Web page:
Changes to laws will help tackle use of drugs

Groups working at the coalface of the drugs problem are to lead calls today and tomorrow, in Dublin and Cork, for the decriminalisation of drug possession.

It comes as the Department of Health revealed it had received more than 14,000 submissions in just three weeks in its public consultation in relation to the law around possession of drugs for personal use.

The issue is being examined by a State expert group and, due to the level of public response, the department has extended the deadline for submissions from June 30 to July 13.

The CityWide Drugs Crisis Campaign, an umbrella group of local drug projects, is today holding a conference in Dublin.

The speakers include Anna Quigley of CityWide, homelessness and youth campaigner Fr Peter McVerry, and senators Aodhán Ó Ríordáin and Lynn Ruane.

Journalist Anne Buckley, who made TV documentary My War on Drugs, Gerard Rowe, youth worker with Belong To Drug and Alcohol Service, and Ana Liffey Drug Project’s Marcus Keane are also set to attend.

Speaking ahead of the event, Ms Quigley said that recent figures show there were 12,211 recorded offences for possession of drugs for personal use in Ireland, or some 72% of all drug cases.

“Significant state resources are tied up in dealing with such offences including police time, legal fees, court time and that of the DPP’s Office,” she said.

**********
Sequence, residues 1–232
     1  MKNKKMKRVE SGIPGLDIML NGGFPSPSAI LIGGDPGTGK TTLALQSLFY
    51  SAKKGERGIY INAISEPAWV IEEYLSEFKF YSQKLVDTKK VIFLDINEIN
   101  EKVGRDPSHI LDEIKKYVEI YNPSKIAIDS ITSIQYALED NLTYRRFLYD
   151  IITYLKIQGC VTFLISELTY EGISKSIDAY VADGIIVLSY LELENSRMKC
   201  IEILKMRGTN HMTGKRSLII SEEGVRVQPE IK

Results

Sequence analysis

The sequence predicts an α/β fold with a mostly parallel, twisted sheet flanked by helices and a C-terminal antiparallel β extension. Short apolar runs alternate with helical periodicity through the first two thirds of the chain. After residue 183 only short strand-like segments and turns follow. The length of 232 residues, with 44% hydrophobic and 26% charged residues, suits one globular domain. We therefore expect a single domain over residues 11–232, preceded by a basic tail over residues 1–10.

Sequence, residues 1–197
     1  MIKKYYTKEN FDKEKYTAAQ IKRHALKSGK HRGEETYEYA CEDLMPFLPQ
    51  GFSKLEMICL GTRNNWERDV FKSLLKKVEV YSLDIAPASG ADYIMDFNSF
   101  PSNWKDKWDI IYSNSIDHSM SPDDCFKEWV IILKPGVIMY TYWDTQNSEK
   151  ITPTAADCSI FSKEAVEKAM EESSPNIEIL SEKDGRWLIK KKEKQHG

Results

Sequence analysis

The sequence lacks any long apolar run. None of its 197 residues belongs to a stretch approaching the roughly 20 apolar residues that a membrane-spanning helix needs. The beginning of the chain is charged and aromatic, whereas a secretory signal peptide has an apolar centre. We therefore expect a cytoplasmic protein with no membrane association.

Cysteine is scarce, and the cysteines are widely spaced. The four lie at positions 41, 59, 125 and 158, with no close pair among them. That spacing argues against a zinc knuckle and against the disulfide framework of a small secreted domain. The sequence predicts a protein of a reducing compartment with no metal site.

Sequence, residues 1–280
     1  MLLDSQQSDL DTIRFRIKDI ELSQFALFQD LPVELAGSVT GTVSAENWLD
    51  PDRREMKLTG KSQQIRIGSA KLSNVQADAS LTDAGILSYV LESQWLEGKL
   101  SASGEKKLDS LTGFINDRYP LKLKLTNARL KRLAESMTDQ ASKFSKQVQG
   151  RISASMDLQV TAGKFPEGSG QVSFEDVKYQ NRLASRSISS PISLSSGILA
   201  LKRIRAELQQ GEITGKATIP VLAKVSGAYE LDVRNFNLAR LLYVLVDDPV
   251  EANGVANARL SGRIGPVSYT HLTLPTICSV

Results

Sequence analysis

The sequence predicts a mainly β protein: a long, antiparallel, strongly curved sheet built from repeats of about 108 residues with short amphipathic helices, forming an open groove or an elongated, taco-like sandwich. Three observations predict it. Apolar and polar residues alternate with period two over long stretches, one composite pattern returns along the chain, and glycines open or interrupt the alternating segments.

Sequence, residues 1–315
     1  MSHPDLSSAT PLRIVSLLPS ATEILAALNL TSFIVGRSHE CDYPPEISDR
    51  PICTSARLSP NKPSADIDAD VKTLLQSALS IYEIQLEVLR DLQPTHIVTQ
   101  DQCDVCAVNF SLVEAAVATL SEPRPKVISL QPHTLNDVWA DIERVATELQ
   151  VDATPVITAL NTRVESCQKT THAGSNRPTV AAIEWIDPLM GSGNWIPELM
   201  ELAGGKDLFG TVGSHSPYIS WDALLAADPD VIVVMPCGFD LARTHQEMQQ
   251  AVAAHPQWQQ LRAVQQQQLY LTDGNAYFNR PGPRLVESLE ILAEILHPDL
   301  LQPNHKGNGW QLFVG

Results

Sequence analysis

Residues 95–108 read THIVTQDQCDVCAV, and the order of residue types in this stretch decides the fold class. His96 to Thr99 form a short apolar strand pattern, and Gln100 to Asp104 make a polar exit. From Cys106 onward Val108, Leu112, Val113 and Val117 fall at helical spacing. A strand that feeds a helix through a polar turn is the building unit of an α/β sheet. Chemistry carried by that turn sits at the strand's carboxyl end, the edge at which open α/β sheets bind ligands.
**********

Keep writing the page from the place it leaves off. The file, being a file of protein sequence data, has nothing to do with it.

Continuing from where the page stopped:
“Most people would agree that this money and time could be put to better use in providing health and social services to those using drugs and in following up serious criminal gangs who are engaging in violence and intimidation.”

“A change in the law will also be a step in reducing the criminalisation and stigmatisation of our most disadvantaged communities and addressing the serious economic and social issues that lead to the devastating impact of drug use and the drugs trade.”

She said the evidence showed that the current approach of criminalising users did not reduce overall levels of drug use in society.

She said the vast majority of objections to decriminalisation they had come across in communities arose as a result of confusing it with legalisation.

Tomorrow, Ana Liffey Drug Project, along with the London School of Economics and Hot Press will hold a second town hall event on decriminalisation at St Peter’s in Cork at 6.30pm. It follows their first event in Dublin.

Speaking ahead of the event, John Collins, director of the International Drug Policy Unit at LSE said: “A lot of things people think about drugs and drug use are simply not supported by what we know from research.

“For example, people often think that criminalising minor offences like possession ‘sends a clear message’ and discourages people from taking drugs.

“This is simply not the case — in an open society like Ireland, criminalising people who use drugs does not significantly affect rates of drug use. What it does do, however, is further stigmatise people, acting as a barrier to change in their lives.”

 

Tony Duffin, CEO of Ana Liffey said: “People often instinctively think — ‘drugs are bad and we should ensure that if people have them it should continue to be a criminal offence’. However, this isn’t helpful — it just drives people further away, and makes them feel stigmatised, isolated, and apart.”


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